“I would have been disappointed (in hindsight) if I didn’t win that (at Jacksonville) to be honest,” Sheppard said. “To get the win, it really lit a fire under me because I want to win every night, if we can.

“To do that, then to have a decent weekend like we had, I feel like our weekend was solid. Obviously, it’s not where we want to be. But we busted our tails all weekend, and this is the end result of that hard work. We just need to capitalize on this and keep it rolling, keep trying to work with what we have here and make it better. I think Mark and the guys are on board with that and ready to get rolling these next couple months. We’re excited.”

Sheppard tacked on 40 points over the weekend, too, carrying a 55-point lead on Tim McCreadie heading to series races in his Midwest wheelhouse. That starts Wednesday at Davenport (Iowa) Speedway, a track where Sheppard has won four times the past two years. With the World of Outlaws record stashed away along with his most lucrative victory since joining the Lucas Oil Series tour, it’s onto the next significant accomplishment.

“It’s tightening up for sure,” Sheppard said of the points battle with McCreadie and other series challengers. “Mark and the guys are working really hard. We should be able to do it, I think. I felt really comfortable right there. This is a tough sport. Everybody knows it. It’s very up and down. One week, you’re on top of the world. The next week you’re wondering what the hell you did wrong to mess it up from last week.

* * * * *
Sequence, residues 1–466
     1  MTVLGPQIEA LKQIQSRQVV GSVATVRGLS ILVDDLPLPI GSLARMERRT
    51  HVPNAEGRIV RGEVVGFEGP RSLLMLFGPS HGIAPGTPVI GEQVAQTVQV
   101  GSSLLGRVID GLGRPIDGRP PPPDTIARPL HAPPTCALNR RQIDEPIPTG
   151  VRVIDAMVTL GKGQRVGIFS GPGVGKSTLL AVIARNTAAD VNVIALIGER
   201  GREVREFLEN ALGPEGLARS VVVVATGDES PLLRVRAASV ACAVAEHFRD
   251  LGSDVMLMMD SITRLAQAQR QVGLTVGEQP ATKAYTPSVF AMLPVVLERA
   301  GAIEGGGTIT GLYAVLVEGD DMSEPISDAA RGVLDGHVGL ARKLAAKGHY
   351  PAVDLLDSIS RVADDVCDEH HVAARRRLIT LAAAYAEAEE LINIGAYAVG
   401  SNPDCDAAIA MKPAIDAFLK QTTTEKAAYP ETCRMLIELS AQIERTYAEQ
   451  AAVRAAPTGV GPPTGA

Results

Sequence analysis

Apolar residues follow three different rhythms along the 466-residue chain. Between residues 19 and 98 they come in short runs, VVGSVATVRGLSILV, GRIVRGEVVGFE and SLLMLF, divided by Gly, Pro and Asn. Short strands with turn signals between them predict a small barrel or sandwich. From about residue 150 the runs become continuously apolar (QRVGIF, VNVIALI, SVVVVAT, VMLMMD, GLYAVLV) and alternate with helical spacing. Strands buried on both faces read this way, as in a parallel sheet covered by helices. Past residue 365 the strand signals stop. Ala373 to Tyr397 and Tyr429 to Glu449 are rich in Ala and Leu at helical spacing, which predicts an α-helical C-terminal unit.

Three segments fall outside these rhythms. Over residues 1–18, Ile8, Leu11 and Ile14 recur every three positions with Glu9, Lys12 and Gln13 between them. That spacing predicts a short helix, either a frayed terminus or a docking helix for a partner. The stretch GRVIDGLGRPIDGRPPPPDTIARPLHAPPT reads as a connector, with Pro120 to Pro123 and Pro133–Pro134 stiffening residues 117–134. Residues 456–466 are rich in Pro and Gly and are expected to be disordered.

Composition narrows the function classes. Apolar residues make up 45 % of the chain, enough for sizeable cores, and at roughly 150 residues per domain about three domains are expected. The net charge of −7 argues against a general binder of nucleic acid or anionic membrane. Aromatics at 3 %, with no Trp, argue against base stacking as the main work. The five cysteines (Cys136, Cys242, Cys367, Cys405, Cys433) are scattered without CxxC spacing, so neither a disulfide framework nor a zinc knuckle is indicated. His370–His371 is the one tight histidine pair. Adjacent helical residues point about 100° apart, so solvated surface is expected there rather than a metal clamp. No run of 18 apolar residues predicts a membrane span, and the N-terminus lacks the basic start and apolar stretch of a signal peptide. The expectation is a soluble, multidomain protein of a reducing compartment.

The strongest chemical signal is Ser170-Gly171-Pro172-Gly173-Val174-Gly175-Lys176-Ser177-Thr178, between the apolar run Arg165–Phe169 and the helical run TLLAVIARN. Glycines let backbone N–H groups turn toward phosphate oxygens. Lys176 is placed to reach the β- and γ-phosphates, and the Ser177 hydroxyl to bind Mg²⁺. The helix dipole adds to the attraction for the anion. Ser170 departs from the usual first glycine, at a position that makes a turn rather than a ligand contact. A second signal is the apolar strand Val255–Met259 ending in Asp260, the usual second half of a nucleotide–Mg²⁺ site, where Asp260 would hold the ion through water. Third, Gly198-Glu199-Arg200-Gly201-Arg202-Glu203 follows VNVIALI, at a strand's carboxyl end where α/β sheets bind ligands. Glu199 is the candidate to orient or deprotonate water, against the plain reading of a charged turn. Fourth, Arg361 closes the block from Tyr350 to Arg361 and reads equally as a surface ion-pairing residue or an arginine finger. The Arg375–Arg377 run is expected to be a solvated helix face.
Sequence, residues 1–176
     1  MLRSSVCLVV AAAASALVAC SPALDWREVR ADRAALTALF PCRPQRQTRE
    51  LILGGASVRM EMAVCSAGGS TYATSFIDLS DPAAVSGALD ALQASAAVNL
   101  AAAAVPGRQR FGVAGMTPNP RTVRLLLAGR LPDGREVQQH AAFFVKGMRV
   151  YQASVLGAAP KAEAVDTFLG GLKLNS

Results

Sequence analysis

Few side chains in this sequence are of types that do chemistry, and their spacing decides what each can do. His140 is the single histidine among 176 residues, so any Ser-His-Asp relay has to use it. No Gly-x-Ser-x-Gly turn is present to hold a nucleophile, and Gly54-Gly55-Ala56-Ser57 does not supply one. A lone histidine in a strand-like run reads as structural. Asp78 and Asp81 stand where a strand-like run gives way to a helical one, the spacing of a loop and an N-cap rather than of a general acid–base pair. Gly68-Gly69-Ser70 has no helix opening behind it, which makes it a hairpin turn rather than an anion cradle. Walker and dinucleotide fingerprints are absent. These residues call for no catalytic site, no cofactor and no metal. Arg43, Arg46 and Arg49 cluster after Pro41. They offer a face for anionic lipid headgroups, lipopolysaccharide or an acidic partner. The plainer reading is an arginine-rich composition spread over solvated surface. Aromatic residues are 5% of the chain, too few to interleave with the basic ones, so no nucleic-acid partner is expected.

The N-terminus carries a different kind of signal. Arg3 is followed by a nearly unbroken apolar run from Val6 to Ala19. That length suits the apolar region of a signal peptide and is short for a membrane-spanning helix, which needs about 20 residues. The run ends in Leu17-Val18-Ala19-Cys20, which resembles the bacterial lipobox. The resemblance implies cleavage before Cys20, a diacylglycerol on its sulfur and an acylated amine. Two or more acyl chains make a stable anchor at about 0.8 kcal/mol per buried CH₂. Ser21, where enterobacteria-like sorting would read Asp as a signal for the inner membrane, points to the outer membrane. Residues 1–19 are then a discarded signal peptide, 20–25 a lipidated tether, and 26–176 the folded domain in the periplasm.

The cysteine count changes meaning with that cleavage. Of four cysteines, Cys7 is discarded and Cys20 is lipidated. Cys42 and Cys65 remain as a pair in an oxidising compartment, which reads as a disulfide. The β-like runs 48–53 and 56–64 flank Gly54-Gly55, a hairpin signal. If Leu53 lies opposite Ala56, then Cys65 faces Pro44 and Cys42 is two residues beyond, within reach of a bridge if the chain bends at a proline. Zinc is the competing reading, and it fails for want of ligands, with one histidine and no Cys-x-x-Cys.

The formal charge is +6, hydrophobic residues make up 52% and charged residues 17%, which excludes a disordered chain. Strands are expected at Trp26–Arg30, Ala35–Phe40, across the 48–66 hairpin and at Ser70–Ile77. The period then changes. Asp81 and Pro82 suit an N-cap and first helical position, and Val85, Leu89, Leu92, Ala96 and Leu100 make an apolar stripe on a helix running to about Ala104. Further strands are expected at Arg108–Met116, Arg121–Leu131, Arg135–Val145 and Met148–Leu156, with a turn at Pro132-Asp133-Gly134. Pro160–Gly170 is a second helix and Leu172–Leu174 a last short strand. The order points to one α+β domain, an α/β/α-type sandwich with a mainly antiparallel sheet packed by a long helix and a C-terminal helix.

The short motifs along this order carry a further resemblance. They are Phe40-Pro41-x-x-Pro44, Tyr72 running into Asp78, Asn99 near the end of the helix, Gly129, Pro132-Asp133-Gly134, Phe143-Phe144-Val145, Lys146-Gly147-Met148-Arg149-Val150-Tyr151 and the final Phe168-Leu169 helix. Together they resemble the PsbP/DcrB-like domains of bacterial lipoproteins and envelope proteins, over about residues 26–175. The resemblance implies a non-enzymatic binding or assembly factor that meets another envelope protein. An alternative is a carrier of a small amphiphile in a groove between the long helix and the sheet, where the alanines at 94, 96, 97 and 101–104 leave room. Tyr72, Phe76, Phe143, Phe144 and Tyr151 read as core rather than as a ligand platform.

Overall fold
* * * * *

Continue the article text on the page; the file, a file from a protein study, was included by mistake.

“I think we have a really good setup here that we can go and race with, tune on a little bit, and just really make some good laps and have some consistency again. That’s going to be our goal for the next couple months, to have some consistency. I say it all the time, with consistency, the wins will come. We have to start rattling off some podium runs, sprinkle some wins in there, and we should be all right.

“We’re just super-excited for these next few months. We’re just super-appreciative for all the money that’s on the line the next, really, the rest of the year. I just want all the series and everybody to know how grateful us drivers are to be able to race for that kind of money. Lord knows we all (complain) about a lot of things, but at the end of the day, we’re super-excited.”